Comey visits the Hill amid tension over information sharing, wiretapping claim

FBI Director James Comey huddled with top lawmakers Thursday as pressure grows on the Justice Department to either substantiate or denounce President Donald Trump's accusation that the Obama administration tapped his phones during the presidential campaign.

Intelligence Committee and party leaders in the "Gang of Eight" - senior congressional leaders that receive the highest-level briefing - held meetings in both chanmbers of Congress. Members emerging from the meeting, including Senate Minority Leader Charles Schumer, D-N.Y., and Mark Warner, D-Va., were tight-lipped about the contents of the conversation.

The meetings come as lawmakers sent letters to Comey and acting deputy attorney general Dana Boente demanding a full accounting of any wiretapping applications, orders or warrants issued in an effort to conduct surveillance on Trump or his surrogates and associates during the campaign.

The president charged in tweets Saturday morning that President Barack Obama ordered the wire-tapping of his New York offices in the fall, presumably in an attempt to gain more information about Russia's meddling in the U.S. election. The House Intelligence Committee is probing that charge, as well as allegations that Trump associates have links to Russia - Trump has also asked that the wire-tapping charge be included in the probe. The FBI is investigating Russia's suspected intervention in the election, as well as the links of Trump's team with Russia.

House Intelligence members may get their chance to grill Comey in a public hearing scheduled for March 20. The invitation list includes Comey, Adm. Michael Rogers, National Security Agency director, former acting attorney general Sally Yates, former director of National Intelligence James Clapper Jr., former CIA director John Brennan, and two senior officers of CrowdStrike - the company that found proof Russia hacked the Democratic National Committee's servers. No subpoenas have been issued.

Comey's trip to Capitol Hill comes at a time when lawmakers are divided - and not always along party lines - over whether the director is keeping the Gang of Eight adequately informed about the intelligence the FBI and Justice Department have collected that could bear on the congressional investigation into alleged Trump-Russia ties.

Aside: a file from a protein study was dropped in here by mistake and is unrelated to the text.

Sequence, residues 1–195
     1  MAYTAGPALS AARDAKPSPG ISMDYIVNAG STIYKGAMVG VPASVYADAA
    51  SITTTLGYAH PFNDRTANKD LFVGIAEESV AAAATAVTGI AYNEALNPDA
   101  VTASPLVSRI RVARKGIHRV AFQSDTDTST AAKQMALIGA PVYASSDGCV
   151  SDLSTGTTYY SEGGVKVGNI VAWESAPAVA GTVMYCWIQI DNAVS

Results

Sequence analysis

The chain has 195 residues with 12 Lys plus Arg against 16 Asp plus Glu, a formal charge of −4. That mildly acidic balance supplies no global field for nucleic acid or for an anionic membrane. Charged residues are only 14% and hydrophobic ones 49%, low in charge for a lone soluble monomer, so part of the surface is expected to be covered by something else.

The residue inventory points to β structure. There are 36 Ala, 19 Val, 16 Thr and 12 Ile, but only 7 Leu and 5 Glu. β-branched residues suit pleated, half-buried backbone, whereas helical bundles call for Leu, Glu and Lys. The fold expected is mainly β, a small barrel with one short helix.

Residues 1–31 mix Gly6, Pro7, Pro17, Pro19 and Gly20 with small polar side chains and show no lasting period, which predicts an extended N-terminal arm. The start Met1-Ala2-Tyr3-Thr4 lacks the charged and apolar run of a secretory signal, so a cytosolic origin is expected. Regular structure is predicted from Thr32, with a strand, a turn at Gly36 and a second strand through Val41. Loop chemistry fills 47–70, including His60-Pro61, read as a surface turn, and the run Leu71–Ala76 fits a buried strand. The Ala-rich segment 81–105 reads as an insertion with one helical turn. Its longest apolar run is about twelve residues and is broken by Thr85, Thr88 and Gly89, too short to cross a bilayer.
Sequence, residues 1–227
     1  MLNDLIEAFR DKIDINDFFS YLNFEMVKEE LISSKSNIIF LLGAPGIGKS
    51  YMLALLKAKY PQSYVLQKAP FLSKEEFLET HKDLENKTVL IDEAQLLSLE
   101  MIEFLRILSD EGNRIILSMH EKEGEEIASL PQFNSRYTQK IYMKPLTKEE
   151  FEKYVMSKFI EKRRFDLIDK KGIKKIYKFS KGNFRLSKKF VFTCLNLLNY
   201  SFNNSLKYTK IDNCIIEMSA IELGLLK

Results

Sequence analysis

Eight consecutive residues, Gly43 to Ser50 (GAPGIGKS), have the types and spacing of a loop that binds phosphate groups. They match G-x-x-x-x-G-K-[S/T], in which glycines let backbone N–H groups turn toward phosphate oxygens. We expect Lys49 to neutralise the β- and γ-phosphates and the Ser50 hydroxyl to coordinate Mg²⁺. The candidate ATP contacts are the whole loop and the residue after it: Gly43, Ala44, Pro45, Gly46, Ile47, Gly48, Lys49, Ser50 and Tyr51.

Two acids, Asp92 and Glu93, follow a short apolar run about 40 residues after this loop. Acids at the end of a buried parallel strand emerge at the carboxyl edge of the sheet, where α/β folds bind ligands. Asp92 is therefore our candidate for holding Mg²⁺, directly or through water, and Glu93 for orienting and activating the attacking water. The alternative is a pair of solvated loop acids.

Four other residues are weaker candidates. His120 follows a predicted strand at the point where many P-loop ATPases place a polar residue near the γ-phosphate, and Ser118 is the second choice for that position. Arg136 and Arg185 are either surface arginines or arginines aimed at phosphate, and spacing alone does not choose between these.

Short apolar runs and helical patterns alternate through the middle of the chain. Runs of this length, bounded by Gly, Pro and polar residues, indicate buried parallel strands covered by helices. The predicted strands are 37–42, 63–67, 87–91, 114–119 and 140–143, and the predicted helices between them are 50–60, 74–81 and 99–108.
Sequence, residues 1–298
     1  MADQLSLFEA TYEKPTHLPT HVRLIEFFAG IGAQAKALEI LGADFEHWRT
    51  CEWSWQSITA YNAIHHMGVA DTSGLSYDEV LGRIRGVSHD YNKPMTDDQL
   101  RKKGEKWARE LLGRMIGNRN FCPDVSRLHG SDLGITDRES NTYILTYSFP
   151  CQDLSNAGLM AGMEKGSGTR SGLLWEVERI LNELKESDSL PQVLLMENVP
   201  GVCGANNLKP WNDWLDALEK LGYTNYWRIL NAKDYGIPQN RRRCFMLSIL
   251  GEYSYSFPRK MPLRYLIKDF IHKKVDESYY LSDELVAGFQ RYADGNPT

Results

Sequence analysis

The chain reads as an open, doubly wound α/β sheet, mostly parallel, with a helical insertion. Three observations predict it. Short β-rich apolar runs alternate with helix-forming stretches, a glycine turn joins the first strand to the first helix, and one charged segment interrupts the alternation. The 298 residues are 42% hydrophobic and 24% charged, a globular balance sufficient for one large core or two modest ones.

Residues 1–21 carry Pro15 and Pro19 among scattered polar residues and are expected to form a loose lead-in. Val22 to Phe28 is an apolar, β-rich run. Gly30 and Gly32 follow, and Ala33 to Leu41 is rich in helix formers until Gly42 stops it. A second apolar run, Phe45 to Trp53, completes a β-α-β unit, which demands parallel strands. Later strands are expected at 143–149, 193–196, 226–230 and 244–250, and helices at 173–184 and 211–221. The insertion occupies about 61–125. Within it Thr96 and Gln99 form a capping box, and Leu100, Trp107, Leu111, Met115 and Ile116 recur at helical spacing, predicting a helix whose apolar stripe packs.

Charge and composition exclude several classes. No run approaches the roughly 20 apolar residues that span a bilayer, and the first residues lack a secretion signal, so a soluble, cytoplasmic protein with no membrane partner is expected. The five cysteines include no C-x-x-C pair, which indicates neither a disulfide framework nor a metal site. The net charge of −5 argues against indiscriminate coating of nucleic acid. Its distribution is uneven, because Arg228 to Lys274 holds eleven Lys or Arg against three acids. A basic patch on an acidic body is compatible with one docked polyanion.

Rep. Adam Schiff, D-Calif., sent a letter dated Wednesday to Boente, who took over ultimate responsibility for much of the department's probe after Attorney General Jeff Sessions recused himself from all matters pertaining to the Trump campaign. In the letter, they asked for copies of any wiretapping applications, orders or warrants from 2016 relating to Trump, his surrogates, associates, family members and friends. Senate Judiciary Committee's Crime and Terrorism panel heads Sens. Lindsey Graham, R-S.C., and Sheldon Whitehouse, D-R.I., also sent a letter to Boente and Comey Wednesday asking for a similar list of documents.

Few members of Congress believe the president's allegations about the Obama-ordered wiretap, and several are demanding the Trump administration produce evidence to substantiate the claim. Thus far, the White House has refused to do so, calling on Congress to conduct an investigation into the matter.

Meanwhile, Graham and Whitehouse sent their letter to the FBI and the Justice Department Wednesday with the blessing of Judiciary Committee Chairman Charles Grassley, R-Iowa, he said Thursday. He explained that asking for those records was "a proper thing to do" as part of a hearing on Russia's alleged involvement in the 2016 elections that Graham and Whitehouse are expected to schedule soon.

But Grassley is dissatisfied with Comey's lack of response to those and other requests for relevant information

Grassley and Judiciary Committee ranking Democrat Dianne Feinstein (Calif.) called Comey on Monday, he said, in an attempt to schedule a briefing they had previously requested from him, aimed at discussing Russia's alleged election meddling.

"We get this excuse: I'm talking to the DOJ now to get, more or less, to get clearance," Grassley said, frustrated. "And I said . . ., 'Did you have clearance when you talked to the Intelligence Committee last week?' "

"It surprised me, but here's the bottom line: Four days later we still haven't heard back from him," Grassley said.

Warner and Sen. Richard Burr, R-N.C., however, met with Comey on Thursday, and have expressed satisfaction with the level of candor and access he has been offering them to collected intelligence relevant to their investigation.

But in the House, some Intelligence Committee members are markedly unsatisfied with the access Comey has been giving them.

"We need the confidence of knowing that they're briefing us on the most significant issues," Schiff told reporters last week. "And at this point, I think that's very much in question."

Rank-and-file Intelligence members have begun to make trips to CIA headquarters to review documents made available to them by the intelligence community. Those trips began earlier this week in the Senate.

House Intelligence Committee member Eric Swalwell, D-Calif., said Thursday that access for House members only recently became available. He also credited Schiff and Rep. Devin Nunes, R-Calif., for "pushing, as far as I've been told" to make sure access to other information and officials is "expanded to the full membership" of the committee.

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